Giant Crystal Cave's Mystery Solved

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					Giant Crystal Cave's Mystery Solved
Stefan Lovgren
for National Geographic News
April 6, 2007

It's "the Sistine Chapel of crystals," says Juan Manuel García- Ruiz.

The geologist announced this week that he and a team of researchers have unlocked the
mystery of just how the minerals in Mexico's Cueva de los Cristales (Cave of Crystals) achieved
their monumental forms.

Buried a thousand feet (300
meters) below Naica mountain in
the Chihuahuan Desert, the cave
was discovered by two miners
excavating a new tunnel for the
Industrias Peñoles company in
2000.

The cave contains some of the
largest natural crystals ever found:
translucent gypsum beams
measuring up to 36 feet (11
meters) long and weighing up to 55
tons.

"It's a natural marvel," said García-
Ruiz, of the University of Granada
in Spain.

To learn how the crystals grew to
such gigantic sizes, García-Ruiz
studied tiny pockets of fluid trapped
inside.


The crystals, he said, thrived          Figure 1 Mexico's Cave of Crystals contains some of the
because they were submerged in          world's largest known natural crystals—translucent beams
                                        of gypsum as long as 36 feet (11 meters). A new study says
mineral-rich water with a very          the gems reached their vast sizes thanks to a peculiar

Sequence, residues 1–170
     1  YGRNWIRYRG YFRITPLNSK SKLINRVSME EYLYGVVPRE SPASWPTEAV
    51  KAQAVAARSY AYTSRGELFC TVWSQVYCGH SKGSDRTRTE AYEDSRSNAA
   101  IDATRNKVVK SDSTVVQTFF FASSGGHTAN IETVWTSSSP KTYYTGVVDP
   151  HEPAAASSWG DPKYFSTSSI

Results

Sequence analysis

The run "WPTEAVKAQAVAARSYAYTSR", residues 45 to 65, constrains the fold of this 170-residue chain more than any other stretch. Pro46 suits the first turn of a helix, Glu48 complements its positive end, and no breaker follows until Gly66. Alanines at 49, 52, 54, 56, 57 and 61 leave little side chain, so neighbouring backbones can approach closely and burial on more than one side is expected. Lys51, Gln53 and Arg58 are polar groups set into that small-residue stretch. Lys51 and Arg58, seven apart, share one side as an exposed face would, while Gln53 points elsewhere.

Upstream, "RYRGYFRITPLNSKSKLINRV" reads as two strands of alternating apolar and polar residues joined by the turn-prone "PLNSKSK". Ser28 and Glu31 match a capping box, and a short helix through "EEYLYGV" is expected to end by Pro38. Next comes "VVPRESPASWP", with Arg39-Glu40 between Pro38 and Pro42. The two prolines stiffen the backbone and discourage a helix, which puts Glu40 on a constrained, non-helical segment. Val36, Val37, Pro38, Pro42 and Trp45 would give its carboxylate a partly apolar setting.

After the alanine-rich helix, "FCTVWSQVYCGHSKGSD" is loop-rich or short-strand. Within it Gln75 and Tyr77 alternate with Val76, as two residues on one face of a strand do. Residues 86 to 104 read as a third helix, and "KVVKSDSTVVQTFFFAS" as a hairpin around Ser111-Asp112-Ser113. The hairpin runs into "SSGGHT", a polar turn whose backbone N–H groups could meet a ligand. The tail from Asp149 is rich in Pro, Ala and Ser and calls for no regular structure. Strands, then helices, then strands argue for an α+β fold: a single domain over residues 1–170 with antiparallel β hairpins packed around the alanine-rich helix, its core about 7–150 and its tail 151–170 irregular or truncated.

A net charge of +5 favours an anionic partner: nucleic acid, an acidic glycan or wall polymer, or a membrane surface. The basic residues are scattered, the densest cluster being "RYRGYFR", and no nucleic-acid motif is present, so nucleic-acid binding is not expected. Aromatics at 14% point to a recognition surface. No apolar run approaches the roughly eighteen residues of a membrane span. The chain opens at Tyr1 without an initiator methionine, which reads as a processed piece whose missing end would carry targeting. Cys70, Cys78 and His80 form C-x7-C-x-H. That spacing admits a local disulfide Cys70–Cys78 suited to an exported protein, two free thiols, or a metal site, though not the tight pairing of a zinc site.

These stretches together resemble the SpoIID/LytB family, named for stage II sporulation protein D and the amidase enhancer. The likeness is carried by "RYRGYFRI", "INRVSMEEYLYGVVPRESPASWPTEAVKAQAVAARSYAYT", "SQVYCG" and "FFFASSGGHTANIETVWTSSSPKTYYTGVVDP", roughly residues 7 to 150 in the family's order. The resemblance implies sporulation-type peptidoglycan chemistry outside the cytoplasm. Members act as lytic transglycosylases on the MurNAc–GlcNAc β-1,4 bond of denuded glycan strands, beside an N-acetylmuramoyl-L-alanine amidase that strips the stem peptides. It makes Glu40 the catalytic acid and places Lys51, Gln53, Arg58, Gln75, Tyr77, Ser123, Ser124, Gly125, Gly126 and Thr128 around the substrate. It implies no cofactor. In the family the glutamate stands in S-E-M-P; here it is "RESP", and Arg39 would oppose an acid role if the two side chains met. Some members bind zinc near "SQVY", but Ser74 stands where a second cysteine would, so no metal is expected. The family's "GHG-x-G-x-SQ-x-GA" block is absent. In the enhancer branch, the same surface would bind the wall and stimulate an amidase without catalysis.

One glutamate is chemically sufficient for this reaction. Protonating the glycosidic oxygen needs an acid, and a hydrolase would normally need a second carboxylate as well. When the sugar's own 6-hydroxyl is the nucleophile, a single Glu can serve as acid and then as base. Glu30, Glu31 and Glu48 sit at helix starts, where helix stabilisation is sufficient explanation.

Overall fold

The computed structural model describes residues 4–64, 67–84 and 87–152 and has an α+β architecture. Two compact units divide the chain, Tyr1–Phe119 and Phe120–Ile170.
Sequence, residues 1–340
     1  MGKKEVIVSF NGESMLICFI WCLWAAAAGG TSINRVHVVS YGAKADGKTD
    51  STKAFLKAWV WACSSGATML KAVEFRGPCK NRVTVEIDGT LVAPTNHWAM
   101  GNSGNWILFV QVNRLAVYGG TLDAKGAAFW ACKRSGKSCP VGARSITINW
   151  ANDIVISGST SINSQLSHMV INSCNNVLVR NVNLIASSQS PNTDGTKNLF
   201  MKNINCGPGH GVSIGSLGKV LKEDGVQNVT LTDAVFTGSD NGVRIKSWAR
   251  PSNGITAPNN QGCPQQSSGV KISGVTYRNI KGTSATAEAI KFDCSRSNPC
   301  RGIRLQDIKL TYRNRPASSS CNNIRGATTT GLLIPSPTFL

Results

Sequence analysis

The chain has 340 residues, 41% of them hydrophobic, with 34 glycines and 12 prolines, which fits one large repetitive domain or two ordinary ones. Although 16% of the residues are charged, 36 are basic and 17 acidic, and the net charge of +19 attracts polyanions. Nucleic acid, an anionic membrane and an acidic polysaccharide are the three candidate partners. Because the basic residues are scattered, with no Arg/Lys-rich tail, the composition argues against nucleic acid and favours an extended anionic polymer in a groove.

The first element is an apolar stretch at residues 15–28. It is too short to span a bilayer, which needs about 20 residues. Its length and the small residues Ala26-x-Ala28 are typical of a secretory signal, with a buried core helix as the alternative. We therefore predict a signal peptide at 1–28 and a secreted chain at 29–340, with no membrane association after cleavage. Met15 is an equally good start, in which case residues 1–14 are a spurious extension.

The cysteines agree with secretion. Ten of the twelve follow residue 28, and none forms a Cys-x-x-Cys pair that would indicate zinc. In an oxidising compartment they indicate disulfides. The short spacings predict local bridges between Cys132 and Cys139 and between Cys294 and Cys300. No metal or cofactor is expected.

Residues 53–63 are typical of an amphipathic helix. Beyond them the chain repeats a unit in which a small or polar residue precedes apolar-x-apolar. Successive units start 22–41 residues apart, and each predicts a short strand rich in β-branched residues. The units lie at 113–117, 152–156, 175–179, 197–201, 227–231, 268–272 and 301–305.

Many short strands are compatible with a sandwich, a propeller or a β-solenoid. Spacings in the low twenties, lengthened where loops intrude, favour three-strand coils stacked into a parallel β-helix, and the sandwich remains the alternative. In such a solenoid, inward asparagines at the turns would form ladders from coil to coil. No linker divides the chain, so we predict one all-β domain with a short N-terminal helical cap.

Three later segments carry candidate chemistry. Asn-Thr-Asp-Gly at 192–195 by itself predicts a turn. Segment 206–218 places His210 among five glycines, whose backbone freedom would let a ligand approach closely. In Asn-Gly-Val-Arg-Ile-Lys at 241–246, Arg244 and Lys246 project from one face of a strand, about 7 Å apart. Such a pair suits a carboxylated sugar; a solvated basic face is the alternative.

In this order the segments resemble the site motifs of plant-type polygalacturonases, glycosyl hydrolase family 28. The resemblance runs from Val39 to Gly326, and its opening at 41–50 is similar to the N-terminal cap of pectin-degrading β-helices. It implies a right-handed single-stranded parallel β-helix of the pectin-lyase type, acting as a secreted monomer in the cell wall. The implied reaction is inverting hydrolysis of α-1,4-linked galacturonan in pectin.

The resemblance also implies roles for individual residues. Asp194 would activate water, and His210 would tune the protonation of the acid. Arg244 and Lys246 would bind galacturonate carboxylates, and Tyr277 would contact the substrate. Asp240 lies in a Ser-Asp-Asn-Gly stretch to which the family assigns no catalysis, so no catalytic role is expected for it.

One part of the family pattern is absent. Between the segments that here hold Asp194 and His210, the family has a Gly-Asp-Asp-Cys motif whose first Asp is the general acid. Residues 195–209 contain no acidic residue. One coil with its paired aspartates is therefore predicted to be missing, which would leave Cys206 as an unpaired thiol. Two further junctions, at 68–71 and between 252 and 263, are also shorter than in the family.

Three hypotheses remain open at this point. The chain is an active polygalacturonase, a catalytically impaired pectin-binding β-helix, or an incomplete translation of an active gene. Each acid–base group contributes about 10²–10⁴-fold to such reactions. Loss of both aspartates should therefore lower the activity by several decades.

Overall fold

narrow, stable temperature              combination of consistent volcanic heat and a rich watery
range—around 136 degrees                mixture.

Fahrenheit (58 degrees Celsius).




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At this temperature the mineral anhydrite, which was abundant in the water, dissolved into
gypsum, a soft mineral that can take the form of the crystals in the Naica cave.

The new findings appear in the April issue of the journal Geology.

Volcanic Activity

The mining complex in
Naica contains some
of the world's largest
deposits of silver, zinc,
and lead.

In 1910 miners
discovered another
spectacular cavern
beneath Naica.

Its walls studded with
crystal "daggers," the
Cave of Swords is
closer to the surface,
at a depth of nearly
400 feet (120 meters).

While there are more
crystals in the upper
cave, they are far
smaller, typically
about a yard (a meter)
long.

Nearly the Size of a
Basketball Court

The Cave of Crystals is a horseshoe-shaped cavity in limestone rock about 30 feet (10 meters)
wide and 90 feet (30 meters) long.

Its floor is covered in crystalline, perfectly faceted blocks. The huge crystal beams jut out from
both the blocks and the floor.

"There is no other place on the planet where the mineral world reveals itself in such beauty,"
García-Ruiz said.



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Volcanic activity that began about 26 million years ago created Naica mountain and filled it with
high-temperature
anhydrite, which is the
anhydrous—lacking
water—form of gypsum.

Anhydrite is stable
above 136 degrees
Fahrenheit (58 degrees
Celsius). Below that
temperature gypsum is
the stable form.

      When magma
     underneath the
 mountain cooled and
    the temperature
   dropped below 58
  degrees Celsius, the
   anhydrite began to
dissolve. The anhydrite slowly enriched
   the waters with sulfate and calcium      The Naica gypsum crystals in a
  molecules, which for millions of years    nutshell :
have been deposited in the caves in the                     Gypsum, possibly some sulfide
 form of huge selenite gypsum crystals.     Mineralogy :    minerals

                                                            mostly freestanding prismatic
"There is no limit to the size a crystal can Crystal Size : crystals up to 12 m
reach," García-Ruiz said.
                                                            Possibly hydrothermal replacement